Paper Money

An inexpensive specialty

An attractive and affordable $1 note of the Cochituate Bank of Boston, dated Jan. 1, 1853, is signed by the bank’s cashier and its president.

Image courtesy of Q. David Bowers.

Several years ago David N., a collector, asked for advice on what to collect in the field known as “obsolete currency.” Loosely defined, this series comprises bills issued by state-chartered banks from 1782 until 1866.

After the Revolution, Continental Currency paper money was devalued to the point of near worthlessness. The fledgling United States Congress had issued bills to pay soldiers and other expenses. Although they were redeemable in “Spanish milled dollars,” these being silver coins of Spain and Latin America (as no federal coinage was available at the time), the Treasury simply did not have coins to exchange for them.

In the 1780s, it was not feasible for our new government to issue paper money as it would face certain rejection. Filling the gap were the individual states in the Union. Various investors and others formed groups, raised capital and applied for banking charters. These were granted by the various legislatures.

There was virtually no oversight in the early days, and while some banks were professionally and honestly run, others were fraudulent. Beginning in the late 1830s various banking commissions were set up, alleviating the problem to an extent. Of the 40 or so banks in Michigan set up prior to 1840, only a handful were honestly run. In contrast, most institutions in the Northeast were sound.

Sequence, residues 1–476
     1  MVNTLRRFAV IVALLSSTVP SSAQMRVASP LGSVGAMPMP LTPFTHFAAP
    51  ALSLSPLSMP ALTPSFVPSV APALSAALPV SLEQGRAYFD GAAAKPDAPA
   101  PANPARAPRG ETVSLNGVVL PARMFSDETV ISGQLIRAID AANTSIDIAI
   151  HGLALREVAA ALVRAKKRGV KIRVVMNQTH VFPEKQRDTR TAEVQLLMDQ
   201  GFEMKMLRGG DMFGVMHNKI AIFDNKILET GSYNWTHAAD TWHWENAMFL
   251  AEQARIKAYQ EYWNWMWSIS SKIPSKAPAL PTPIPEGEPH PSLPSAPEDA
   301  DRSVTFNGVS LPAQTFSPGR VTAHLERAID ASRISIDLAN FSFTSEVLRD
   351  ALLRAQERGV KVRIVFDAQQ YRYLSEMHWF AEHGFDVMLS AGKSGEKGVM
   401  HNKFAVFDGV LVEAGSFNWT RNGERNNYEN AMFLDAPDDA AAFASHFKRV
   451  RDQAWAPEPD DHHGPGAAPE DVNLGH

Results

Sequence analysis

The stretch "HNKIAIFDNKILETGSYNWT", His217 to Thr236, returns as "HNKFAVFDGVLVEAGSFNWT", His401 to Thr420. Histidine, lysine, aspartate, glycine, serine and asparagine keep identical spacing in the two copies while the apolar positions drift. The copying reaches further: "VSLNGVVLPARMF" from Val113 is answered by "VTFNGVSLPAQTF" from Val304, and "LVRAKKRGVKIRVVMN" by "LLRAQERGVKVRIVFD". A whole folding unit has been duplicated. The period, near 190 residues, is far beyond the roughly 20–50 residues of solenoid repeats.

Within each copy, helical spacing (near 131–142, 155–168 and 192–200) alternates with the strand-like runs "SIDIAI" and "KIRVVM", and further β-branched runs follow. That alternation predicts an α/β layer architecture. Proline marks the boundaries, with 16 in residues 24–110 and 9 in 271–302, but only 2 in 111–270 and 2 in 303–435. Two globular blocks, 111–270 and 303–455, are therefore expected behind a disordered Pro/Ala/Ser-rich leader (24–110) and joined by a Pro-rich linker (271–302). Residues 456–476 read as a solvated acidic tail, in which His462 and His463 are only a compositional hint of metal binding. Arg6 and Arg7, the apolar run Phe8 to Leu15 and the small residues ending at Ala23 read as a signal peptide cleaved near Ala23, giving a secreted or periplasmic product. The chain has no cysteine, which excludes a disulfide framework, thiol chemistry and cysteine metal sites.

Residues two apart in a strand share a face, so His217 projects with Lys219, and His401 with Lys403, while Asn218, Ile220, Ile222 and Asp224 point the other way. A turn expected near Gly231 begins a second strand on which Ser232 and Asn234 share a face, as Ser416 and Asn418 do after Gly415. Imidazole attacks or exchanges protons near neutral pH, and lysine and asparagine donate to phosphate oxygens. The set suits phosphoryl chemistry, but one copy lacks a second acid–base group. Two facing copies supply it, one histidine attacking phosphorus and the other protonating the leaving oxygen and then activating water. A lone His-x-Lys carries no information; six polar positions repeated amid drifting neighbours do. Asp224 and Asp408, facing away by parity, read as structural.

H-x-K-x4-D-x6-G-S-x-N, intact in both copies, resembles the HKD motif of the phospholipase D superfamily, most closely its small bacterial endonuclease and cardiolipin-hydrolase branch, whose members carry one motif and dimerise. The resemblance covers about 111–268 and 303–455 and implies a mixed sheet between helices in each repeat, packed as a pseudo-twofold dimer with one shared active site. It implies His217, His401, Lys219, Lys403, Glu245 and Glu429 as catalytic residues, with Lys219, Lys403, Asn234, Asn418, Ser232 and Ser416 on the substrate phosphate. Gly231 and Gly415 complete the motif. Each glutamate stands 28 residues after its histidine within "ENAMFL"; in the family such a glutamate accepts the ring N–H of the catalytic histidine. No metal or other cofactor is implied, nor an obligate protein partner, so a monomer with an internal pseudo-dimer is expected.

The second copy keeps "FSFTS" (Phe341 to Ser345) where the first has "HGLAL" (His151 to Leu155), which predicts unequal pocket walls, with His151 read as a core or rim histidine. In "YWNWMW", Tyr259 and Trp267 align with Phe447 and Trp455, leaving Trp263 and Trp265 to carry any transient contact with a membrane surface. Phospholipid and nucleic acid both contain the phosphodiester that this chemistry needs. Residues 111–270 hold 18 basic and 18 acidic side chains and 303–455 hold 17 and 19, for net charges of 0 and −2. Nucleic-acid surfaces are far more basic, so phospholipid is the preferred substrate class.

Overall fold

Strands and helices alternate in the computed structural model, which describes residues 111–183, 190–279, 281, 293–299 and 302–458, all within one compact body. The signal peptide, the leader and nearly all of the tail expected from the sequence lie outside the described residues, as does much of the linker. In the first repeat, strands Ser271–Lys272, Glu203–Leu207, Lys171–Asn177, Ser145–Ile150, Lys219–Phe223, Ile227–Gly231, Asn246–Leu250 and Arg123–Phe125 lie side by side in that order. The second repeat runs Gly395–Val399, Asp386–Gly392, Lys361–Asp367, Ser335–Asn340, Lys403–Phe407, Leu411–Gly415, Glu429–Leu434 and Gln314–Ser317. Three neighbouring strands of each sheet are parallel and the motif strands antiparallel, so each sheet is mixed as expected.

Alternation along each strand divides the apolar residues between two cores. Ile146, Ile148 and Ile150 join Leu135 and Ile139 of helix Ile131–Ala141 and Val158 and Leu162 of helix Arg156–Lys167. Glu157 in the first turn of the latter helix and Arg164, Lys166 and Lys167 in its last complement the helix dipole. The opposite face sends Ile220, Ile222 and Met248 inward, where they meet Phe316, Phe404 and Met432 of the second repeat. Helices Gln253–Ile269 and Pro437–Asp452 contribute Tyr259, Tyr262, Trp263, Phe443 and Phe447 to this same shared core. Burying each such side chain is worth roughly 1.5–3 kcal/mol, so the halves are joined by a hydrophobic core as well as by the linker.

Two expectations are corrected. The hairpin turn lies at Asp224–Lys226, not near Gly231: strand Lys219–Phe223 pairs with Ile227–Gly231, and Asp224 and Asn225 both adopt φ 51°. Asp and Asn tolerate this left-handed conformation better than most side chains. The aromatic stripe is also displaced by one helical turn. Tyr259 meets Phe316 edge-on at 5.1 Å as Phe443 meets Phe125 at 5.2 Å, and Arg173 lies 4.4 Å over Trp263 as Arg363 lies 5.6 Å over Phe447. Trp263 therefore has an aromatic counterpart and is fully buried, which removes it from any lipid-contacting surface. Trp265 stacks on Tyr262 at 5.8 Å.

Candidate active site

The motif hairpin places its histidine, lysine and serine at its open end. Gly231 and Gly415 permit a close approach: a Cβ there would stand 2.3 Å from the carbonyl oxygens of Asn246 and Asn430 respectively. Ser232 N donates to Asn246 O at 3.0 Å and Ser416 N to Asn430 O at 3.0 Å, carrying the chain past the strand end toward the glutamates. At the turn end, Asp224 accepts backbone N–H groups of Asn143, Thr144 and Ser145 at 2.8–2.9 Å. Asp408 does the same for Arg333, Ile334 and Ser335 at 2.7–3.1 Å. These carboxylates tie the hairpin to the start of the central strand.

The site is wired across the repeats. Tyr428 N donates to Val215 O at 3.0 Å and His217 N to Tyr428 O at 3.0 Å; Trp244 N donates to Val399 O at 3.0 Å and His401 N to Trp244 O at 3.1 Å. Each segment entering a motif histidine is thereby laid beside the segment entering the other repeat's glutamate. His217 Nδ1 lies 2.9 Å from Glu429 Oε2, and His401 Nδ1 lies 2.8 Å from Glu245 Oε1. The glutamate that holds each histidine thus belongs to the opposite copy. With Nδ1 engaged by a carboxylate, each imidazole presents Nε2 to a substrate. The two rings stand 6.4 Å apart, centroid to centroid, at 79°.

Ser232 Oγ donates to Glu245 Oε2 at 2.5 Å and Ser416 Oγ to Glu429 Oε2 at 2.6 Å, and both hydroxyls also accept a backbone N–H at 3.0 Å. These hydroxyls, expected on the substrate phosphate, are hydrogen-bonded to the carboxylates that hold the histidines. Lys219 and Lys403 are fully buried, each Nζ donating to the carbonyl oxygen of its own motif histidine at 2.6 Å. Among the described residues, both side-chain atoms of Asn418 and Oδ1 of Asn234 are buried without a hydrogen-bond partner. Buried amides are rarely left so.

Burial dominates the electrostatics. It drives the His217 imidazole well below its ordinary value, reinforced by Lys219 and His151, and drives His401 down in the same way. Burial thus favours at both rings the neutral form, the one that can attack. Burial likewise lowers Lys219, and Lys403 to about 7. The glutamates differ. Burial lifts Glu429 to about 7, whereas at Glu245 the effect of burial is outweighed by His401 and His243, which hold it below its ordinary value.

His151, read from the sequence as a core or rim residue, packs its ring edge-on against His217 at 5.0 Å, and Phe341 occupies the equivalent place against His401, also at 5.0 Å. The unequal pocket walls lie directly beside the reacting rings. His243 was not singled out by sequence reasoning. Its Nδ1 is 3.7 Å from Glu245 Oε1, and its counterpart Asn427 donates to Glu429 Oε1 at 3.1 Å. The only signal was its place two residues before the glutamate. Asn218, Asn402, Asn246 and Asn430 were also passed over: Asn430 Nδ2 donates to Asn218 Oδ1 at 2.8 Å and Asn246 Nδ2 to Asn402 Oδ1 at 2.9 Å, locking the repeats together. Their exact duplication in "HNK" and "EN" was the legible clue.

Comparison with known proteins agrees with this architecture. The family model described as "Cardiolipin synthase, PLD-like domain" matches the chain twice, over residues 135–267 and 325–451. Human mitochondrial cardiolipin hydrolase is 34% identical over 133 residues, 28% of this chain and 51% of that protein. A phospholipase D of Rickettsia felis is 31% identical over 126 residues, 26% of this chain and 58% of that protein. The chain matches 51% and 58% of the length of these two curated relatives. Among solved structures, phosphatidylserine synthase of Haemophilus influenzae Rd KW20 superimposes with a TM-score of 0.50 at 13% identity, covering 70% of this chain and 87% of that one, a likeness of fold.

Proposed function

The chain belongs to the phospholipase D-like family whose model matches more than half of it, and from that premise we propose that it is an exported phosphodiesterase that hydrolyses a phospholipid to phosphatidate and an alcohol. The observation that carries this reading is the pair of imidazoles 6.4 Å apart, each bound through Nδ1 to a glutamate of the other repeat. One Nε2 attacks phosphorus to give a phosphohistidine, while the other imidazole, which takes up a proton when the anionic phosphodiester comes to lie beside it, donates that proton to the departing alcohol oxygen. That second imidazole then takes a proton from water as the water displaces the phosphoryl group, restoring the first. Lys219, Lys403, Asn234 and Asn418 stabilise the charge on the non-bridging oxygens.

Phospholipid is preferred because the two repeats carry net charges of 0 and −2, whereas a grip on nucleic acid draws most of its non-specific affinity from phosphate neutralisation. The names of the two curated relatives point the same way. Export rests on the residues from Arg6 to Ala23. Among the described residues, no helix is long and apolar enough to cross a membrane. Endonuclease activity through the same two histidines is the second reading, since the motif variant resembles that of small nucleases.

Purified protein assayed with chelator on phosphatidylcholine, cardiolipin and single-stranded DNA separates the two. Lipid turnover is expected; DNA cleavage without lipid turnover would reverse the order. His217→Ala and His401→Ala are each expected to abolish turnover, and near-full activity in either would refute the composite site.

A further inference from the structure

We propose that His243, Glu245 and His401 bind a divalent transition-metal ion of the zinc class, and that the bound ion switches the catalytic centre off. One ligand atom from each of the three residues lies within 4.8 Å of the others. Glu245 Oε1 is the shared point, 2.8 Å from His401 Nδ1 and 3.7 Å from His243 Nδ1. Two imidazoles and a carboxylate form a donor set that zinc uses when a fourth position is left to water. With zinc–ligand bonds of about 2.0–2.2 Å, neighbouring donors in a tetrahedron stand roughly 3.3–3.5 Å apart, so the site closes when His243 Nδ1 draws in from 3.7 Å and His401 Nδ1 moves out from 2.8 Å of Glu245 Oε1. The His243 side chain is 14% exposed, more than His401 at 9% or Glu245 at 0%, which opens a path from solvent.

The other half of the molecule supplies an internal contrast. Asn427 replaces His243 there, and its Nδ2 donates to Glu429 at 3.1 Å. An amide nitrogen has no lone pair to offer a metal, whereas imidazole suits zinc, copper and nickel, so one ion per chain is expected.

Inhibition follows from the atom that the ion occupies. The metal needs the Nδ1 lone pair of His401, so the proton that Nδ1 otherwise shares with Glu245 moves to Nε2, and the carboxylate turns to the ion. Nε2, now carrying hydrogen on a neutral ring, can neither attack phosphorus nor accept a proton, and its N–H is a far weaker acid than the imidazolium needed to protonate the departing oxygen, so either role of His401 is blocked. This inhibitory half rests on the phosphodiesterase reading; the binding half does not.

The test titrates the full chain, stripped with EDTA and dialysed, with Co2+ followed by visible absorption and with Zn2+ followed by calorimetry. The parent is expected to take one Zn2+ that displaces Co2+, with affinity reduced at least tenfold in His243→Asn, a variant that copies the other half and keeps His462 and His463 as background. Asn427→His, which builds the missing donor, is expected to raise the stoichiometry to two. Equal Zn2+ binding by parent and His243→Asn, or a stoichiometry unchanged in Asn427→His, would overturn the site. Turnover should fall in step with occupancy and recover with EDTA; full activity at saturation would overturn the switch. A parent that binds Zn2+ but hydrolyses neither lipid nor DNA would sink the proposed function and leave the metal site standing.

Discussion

Over a period of years, more than 3,000 such banks issued paper money, usually in denominations of $1, $2, $3, $5, $10 and $20, these being the most popular, but also $50 and $100, and for a few banks, $500 and $1,000.

In time, old designs were replaced by new, creating what were probably 50,000 or so different designs, denominations and varieties. Beginning in 1863, Uncle Sam issued national bank notes, which generally supplanted the state issues. To promote their circulation, the government placed a 10 percent tax on transactions using state notes, beginning on July 1, 1866, sounding the death knell for their circulation.

My book, Obsolete Paper Money Issued by Banks in the United States 1782-1866, published by Whitman in 2005, has been very popular. You might want to borrow or buy a copy.

I recommended to David N. that, for starters, he try to acquire one of each different note he could find, in grades of Fine to Extremely Fine, with ink signatures of the bank officers, in price ranges from, say, $25 to $100 or so. Many of these are very scarce. Later, he could investigate more esoteric series. He followed my advice and has built a fine collection. Food for thought.

Q. David Bowers is chairman emeritus of Stack’s Bowers Galleries and numismatic director of Whitman Publishing LLC. He can be reached at his private email,, or at Q. David Bowers, LLC, Box 1804, Wolfeboro, NH 03894.

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